What a surprise! I kind of enjoyed “Dissension” the debut from US progressive metal band ETHEREAL ARCHITECT, but I honestly didn’t expect the band to go on and release something as good as “Monolith”. So far album of the year for me, and the only album I have awarded a perfect 6/6 in Scream Magazine this year. It’s been something like five years since the release of “Dissension”. Is it according to a plan that the follow up is released now, or did you originally plan to have “Monolith” out earlier? If so, what caused the delay?
– We had hoped to release the album earlier. We lost our original bassist, so that caused quite a delay. He had planned just to be out for a year, so we took a hiatus and waited for him. His move became permanent and we lost that time. The recording itself took longer than planned as well. In the album, you’ll hear the great number of vocal harmonies, guitar layers, and different keyboard parts. Each song has about 100 tracks, so it took a very long time to record, edit, and mix such a large project. That’s part of the inspiration for the name, “Monolith”, says David Glass, guitarist and mastermind of ETHEREAL ARCHITECT.
How would you compare the new album to ”Dissension”, both when it comes to songwriting, performance and production?
– The new album is a far better product in all facets. I wrote most of “Dissension” when I was 19 or 20 years old. I was still learning music theory and recording techniques. Now, I have much more experience and knowledge and have truly developed my craft. I also have been working with my band for many years, so I know how to write to everyone’s strengths. I know exactly how fast my drummer can play, and exactly how high my singer can sing, so I was able to push everyone and really maximize their capabilities. When you hear “Monolith”, you’ll hear a whole new band.
As with the first album, you’re also releasing “Monolith” yourselves. Didn’t the first album generate any interest from the labels, or do you perhaps want to be in control of your own product?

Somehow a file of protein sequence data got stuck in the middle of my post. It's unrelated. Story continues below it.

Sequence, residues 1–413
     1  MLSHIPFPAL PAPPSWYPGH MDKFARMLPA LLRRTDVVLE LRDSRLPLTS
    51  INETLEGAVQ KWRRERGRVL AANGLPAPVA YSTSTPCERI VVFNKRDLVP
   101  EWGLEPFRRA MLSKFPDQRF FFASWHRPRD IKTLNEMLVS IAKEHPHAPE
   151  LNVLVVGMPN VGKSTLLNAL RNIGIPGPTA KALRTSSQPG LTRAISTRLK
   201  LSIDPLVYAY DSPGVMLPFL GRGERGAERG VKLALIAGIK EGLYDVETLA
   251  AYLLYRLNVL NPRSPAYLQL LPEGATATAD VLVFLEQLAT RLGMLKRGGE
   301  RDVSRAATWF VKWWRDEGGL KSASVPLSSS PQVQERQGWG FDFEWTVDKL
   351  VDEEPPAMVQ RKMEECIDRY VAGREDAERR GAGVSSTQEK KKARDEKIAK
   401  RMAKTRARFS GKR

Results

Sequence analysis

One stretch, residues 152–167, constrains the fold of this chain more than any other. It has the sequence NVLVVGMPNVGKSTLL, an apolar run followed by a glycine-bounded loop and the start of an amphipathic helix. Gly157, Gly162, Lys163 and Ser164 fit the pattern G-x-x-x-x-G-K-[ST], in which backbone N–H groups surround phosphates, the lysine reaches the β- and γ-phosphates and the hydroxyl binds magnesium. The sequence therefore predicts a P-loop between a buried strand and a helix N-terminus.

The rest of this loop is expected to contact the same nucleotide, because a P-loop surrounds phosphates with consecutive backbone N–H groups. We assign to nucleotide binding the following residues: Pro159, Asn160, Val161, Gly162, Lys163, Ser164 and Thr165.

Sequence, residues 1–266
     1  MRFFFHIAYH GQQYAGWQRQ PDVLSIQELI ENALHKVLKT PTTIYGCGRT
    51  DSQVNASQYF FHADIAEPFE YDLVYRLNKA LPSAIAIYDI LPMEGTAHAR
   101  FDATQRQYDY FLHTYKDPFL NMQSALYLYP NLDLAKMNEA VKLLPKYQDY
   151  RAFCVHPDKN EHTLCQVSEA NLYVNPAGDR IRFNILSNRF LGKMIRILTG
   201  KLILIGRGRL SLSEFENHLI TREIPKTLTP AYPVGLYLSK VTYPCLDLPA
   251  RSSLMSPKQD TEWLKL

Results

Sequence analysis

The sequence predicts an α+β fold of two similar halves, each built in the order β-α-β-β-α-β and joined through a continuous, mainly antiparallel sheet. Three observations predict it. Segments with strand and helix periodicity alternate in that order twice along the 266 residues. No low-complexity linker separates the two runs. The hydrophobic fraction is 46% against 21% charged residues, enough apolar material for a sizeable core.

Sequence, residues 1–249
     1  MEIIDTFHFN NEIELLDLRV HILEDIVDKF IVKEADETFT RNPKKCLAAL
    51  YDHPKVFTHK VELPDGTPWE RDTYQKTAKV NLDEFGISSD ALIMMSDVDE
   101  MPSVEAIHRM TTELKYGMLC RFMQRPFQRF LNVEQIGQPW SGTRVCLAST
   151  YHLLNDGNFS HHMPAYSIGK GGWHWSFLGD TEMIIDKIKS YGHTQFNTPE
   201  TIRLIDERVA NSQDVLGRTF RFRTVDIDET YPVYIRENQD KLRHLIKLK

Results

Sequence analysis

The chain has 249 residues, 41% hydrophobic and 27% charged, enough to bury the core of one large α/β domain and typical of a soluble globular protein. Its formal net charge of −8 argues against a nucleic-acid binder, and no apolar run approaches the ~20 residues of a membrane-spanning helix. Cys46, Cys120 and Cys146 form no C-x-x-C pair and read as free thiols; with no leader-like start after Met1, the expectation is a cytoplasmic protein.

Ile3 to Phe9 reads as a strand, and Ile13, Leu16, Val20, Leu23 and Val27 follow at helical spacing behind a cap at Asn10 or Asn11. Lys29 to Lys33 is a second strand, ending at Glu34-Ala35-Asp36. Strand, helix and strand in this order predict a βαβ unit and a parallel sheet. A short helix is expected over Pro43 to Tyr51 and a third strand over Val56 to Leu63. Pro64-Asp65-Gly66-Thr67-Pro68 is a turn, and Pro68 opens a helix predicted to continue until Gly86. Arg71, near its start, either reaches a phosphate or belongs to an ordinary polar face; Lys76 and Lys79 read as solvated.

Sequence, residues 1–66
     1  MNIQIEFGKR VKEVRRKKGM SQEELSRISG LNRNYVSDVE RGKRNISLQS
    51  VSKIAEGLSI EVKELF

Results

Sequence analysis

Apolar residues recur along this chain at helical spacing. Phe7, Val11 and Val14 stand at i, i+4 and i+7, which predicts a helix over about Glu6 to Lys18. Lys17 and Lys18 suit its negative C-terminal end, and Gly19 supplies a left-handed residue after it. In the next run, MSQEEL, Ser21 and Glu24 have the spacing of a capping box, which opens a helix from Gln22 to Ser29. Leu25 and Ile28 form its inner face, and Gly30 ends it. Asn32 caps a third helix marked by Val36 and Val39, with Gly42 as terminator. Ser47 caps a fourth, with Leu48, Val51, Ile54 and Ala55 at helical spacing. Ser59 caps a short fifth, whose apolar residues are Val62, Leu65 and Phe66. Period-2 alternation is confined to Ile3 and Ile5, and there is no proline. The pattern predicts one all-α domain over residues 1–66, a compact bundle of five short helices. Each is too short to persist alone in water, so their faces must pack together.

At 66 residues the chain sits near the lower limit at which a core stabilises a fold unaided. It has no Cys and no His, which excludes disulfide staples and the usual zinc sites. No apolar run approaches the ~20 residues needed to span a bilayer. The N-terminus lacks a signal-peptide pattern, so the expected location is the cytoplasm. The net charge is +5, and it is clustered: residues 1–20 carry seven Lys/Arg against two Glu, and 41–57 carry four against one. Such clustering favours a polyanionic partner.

– Honestly, we did not pursue any record labels with our first album. We felt that we still had a lot of growing and maturing to do before we could be successful. Now that “Monolith” is out, we feel that we have a product that can compete with the best metal bands out there, so we’ll be aggressively pursuing label interest this year.
There is another bass player on this album than on the debut. Why isn’t Darby a member of the band anymore, and when/where did you find Thad? What has he brought into the band?
– Darby moved to Taiwan some time after we released “Dissension”. He had just graduated from college, and decided to move there for a year to teach English and perhaps learn a little about his roots (he is Taiwanese-American). He had planned on returning and rejoining the band to record the new album, but he ended up falling in love while overseas. He got married and now lives there with his wife. Thad joined the band in November 2011. The album was almost entirely recorded, and we had auditioned a number of bass players, but Thad came in and blew us away. He played the songs better than we did, so we all got inspired to practice harder just so we wouldn’t get showed up by the new guy! He plays fretless bass, so his style his very unique and he adds a lot of nuance to the music. You can hear his fretless work showcased best in the songs “Obisidian” and “Obscura.”
On your debut you wrote all the music, while Adam did most of the lyrics, with you contributing to some songs. Have you used the same “recipe” for the new album? If so, are you satisfied with doing all the music alone, or would you like the others to contribute?
– For the most part, that’s still the way we put our songs together. I wrote all the music for “Monolith”, and then I sent the songs to Adam and he wrote the lyrics. We collaborated a little bit – he wrote a few vocal melodies, and we worked on some Spanish lyrics together. I wrote the bass and drum lines as well, but Thad and Jake both added their own style to my writing to make it their own. However, I really enjoy writing music alone. Writing music is my greatest source of pride and self-image, so it is difficult for me to compromise with someone else’s perceptions. I value other people’s input, but ultimately, I’m writing music for myself and so I’m the one who needs to be satisfied.